Allt-y-bela is designer Arne Maynard's garden in Monmouthshire. Initially, it was Arne's intention to make a simple garden using his favourite components - roses, topiary and wildflower meadows. There was no garden here when Arne bought the restored medieval farmhouse five years ago, just a few outbuildings set across an ancient drover's road.
The topiary, mostly set around the house, is huge and dramatic, and seemingly randomly placed. His gardener, Steve, said it was not unusual for Arne to receive deliveries of large pieces without much forethought as to where they would be placed.
None of the pieces are alike and there is no attempt at placing them in a formal pattern. The larger pieces are a mixture of yew, hornbeam, purple beech and box. Low hawthorn hedges have just been planted to create rustic edges for the few formal borders.
There is a pleasing lack of formality to the garden as it is the designer's intention to blue the boundaries between the garden and the wider landscape. Beyond the immediate vicinity of the house the garden is surrounded by wildflower meadows. At the end of summer the flowers have all faded but in spring thousands of bulbs are in flower, designed to make the meadows look as though they've been there for hundreds of years.
In keeping with the house's agricultural history there is a productive and beautiful Kitchen Garden.
By the way, the house was white when Arne bought it. I don't know how he came to choose orange as the right colour to paint it but it makes a stunning backdrop to the garden, mainly because green really stands out against it. And when you've got an orange house you need a few orange flowers.
Next to the Kitchen Garden is the Cottage Garden, full of flowers to be cut for the house. The paths are made from stone found around the house and are angled to provide interesting glimpses of other parts of the house. These foxgloves are Digitalis ferruginea gigantea.
Despite his best intentions Arne has been unable to resist the urge to go beyong his original brief. The stream behind the old granary has been canalised with local stone and divides the stage from the terraces that form the Garden Theatre.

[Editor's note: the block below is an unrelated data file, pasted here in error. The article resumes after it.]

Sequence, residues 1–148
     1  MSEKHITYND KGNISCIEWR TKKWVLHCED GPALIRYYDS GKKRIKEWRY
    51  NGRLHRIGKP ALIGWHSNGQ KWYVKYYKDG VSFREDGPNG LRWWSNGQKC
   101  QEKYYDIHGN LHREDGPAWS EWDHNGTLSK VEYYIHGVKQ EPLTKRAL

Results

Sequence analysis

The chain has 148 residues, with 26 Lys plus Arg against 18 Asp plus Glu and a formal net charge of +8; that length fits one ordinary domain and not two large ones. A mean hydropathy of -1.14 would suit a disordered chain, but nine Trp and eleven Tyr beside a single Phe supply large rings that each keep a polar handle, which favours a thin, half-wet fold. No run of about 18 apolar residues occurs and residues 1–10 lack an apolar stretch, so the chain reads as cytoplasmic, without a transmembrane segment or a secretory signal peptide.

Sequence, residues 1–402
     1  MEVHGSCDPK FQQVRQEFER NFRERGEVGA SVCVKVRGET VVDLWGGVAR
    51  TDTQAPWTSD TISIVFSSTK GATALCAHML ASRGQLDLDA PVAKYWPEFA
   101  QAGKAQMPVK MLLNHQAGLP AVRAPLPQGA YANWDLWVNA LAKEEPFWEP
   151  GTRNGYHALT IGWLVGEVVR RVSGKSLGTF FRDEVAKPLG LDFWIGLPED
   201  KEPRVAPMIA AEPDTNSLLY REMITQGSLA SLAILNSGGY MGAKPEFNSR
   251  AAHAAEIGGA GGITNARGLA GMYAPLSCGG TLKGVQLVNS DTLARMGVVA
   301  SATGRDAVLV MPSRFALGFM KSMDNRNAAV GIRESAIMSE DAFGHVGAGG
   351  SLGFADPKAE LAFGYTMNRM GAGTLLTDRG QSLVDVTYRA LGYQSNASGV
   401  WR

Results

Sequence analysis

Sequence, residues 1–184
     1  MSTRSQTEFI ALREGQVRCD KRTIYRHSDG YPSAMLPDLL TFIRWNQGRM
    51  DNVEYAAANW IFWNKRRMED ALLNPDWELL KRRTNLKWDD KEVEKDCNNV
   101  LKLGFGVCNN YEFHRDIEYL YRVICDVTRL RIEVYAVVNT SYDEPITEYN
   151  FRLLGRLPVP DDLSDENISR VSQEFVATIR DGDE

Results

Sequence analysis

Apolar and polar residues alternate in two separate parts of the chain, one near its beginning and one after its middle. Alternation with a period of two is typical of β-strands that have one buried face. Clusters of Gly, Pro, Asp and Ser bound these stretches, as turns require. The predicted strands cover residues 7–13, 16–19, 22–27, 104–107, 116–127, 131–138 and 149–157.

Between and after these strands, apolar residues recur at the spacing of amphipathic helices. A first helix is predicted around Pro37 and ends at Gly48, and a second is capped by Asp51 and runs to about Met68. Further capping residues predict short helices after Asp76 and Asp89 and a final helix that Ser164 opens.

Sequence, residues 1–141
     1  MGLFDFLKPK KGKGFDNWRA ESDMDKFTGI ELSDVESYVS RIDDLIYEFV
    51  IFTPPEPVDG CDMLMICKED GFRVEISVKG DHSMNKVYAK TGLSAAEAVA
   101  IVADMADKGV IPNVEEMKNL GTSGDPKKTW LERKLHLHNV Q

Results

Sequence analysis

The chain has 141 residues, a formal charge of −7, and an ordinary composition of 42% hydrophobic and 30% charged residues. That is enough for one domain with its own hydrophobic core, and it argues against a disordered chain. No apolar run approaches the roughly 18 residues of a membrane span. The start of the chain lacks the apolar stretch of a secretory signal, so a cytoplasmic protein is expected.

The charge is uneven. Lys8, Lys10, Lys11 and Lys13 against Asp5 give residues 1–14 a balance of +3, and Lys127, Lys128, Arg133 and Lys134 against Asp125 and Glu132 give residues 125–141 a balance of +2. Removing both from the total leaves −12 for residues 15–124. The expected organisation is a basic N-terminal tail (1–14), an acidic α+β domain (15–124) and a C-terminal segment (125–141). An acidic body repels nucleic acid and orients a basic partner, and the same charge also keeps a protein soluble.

The gardens immediately outside the house are more complex, though still informal.
The Courtyard Garden at the front is enclosed with a pleached hedge and filled with smaller pieces of topiary and cottage-style planting, making for an interesting view from the kitchen.
One of my favourite spots in the garden is at the back of the house. Box hedging reaches out towards the meadow.
It is here the roses are most in evidence. Although by late summer they are mostly past their best they must look and smell amazing in June.
Back towards the front of house, next to the granary, is Arne's latest project, the Lattice Garden. Low hedges of hawthorn frame herbaceous planting and topiary.
espite being a two-time gold medal winner at Chelsea, there's still room a little whimsy in the garden (or was it there already when he bought the property?).
Little of this garden would be possible without full-time gardener Steve Lannin. Although the topiary is only trimmed once a year apparently it can take weeks to get all the way round the garden. Steve was a warm and knowledgeable host on our visit and really brough Arne's design ideas to life.
t is difficult to explain how much I enjoyed this garden; it's quite different to any other garden I have seen. There really is a blurring between the garden and the wider landscape and the huge topiary adds unexpected scale and drama. I didn't feel as though I were in a garden in the normal sense - there were no boundaries - just endless possibilities of walking round the garden with different views at each turn. Quite an achievement.
The garden at Allt-y-bela is not open to the public but group visits can be arranged. Alternatively, you can stay in the house as a B&B and have the garden all to yourself.
Steve Lannin's garden diary - http://arnemaynard.com/journal/garden-diary/?tag=Steve%20Lannin#.V8bDcaJM1YU